- Rite Aid posts third consecutive quarterly profit as company expands Wellness+
- Walgreens, Rite Aid join outcry over Boston Rolling Stone cover
- Walgreens expanding scope of retail pharmacy experience and services heading into fiscal 2014
- Rite Aid launches marketing campaign for Wellness65+
- New Rite Aid group VP pharmacy initiatives and clinical services to oversee Wellness Ambassador program
WHAT IT MEANS AND WHY IT’S IMPORTANT These days Rite Aid comes with the image of a pugilist sprinting up the 72 steps before the Philadelphia Museum of Art with both arms raised high. Because if Rite Aid were a movie, right now it’d be in the midst of its own montage.
(THE NEWS: Rite Aid suffers losses, expects flat performance in fiscal 2011. For the full story, click here)
Yes, Rite Aid’s revenues are down even a bit more than many analysts had expected. And yes, Rite Aid is projecting at the outset a net loss by fiscal year-end 2011. But there is a lot of upside to Rite Aid in the coming year.
For starters, the chain is entering fiscal 2011 with a strong liquidity position, a factor that helps the chain keep swinging for opportunities. It’s what enables the chain to pursue initiatives like its Wellness-plus loyalty card program; or to triple the number of qualified immunizing pharmacists across Rite Aid’s workforce to 6,000 by cough/cold/flu 2010/2011 — both initiatives highlighted by Rite Aid executives during their March 31 conference call.
Rite Aid perhaps is making its biggest push behind its new loyalty card program this year, which is expected to launch chain wide later this summer. It’s a loyalty program that’s successfully made the chain’s existing customer base more productive across its four test markets — enticing many pharmacy patients to shop more often across the front-end, for example. John Standley, Rite Aid president and COO, noted that Rite Aid will be blasting that program out with the biggest marketing push it's made in some time. That kind of big splash will help the Wellness-plus program cut through and distinguish itself from the multitude of loyalty cards already on the market — CVS’ ExtraCare, Duane Reade (a.k.a. Walgreens New York) and their recently revitalized loyalty program and the myriad of supermarket loyalty programs across the country that shoppers carry on their key chains.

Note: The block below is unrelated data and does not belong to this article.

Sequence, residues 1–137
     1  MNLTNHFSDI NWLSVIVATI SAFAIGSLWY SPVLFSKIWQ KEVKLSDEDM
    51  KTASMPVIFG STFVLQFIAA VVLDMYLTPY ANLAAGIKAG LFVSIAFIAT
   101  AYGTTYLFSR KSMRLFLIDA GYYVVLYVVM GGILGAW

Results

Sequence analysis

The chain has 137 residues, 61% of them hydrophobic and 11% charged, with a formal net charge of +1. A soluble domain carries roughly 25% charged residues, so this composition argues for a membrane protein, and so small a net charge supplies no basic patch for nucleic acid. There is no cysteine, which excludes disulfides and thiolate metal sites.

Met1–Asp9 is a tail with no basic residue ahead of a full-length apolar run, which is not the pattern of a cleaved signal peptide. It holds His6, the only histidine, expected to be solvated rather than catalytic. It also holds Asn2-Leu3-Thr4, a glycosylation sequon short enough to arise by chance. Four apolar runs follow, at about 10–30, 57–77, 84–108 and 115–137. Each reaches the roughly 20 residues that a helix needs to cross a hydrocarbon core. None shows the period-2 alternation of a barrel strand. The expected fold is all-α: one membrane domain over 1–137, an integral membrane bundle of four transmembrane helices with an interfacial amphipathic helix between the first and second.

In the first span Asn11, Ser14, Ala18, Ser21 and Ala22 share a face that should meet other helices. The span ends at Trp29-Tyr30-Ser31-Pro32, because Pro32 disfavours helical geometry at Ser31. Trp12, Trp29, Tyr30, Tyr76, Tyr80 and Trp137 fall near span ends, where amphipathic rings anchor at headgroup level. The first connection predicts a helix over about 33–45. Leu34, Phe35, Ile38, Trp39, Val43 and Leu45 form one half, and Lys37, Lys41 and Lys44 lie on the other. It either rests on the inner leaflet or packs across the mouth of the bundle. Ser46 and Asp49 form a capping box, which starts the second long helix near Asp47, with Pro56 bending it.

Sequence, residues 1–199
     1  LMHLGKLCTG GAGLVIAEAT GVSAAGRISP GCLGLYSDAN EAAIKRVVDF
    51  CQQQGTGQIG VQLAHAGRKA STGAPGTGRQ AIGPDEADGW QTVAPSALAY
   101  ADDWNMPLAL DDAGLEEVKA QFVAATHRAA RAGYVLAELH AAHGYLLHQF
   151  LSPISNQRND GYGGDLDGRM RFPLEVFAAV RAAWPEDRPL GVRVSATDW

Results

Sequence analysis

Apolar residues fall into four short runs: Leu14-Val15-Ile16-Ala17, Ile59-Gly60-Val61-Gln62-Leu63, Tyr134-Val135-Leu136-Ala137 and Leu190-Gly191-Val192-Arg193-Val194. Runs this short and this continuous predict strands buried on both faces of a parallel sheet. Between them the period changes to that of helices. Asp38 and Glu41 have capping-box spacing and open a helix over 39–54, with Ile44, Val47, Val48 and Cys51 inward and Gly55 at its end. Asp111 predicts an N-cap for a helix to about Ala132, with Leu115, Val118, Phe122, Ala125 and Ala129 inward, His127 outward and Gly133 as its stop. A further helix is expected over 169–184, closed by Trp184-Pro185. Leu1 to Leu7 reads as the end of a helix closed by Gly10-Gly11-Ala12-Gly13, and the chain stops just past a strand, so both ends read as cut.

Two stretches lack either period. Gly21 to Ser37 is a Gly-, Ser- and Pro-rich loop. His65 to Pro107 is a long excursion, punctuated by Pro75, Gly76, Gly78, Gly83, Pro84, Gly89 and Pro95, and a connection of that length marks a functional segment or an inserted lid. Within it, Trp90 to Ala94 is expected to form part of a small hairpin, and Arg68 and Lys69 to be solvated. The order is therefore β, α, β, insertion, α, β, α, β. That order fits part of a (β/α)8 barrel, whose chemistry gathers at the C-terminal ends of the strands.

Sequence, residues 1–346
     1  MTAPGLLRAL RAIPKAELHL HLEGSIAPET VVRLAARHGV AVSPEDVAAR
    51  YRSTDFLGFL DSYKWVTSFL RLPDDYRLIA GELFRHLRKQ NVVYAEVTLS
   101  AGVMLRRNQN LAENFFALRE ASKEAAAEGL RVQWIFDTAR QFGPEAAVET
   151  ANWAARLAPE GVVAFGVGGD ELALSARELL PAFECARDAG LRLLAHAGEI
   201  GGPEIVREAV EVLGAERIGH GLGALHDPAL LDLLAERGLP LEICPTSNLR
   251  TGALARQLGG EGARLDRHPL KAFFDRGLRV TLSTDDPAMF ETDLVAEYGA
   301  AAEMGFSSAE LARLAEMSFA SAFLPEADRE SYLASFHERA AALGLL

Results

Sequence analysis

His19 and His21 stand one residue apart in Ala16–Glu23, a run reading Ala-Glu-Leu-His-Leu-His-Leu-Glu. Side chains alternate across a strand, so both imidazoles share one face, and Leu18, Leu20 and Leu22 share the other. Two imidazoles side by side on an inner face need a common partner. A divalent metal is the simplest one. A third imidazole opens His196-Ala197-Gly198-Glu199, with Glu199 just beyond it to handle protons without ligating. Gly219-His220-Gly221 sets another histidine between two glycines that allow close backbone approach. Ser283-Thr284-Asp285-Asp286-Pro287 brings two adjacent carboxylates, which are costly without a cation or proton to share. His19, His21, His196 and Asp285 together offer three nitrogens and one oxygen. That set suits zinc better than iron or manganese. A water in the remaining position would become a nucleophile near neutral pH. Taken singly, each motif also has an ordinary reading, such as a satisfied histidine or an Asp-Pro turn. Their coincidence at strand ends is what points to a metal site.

At the end of the day, Rite Aid is in a block and tackle mode; or in other words, a movie montage where the protagonist only gets stronger. Because barring any real upsets and/or changes in marketplace dynamics, Rite Aid should be in a better position by this time next year. Short term might look challenging, but Rite Aid is still a favorite for later rounds.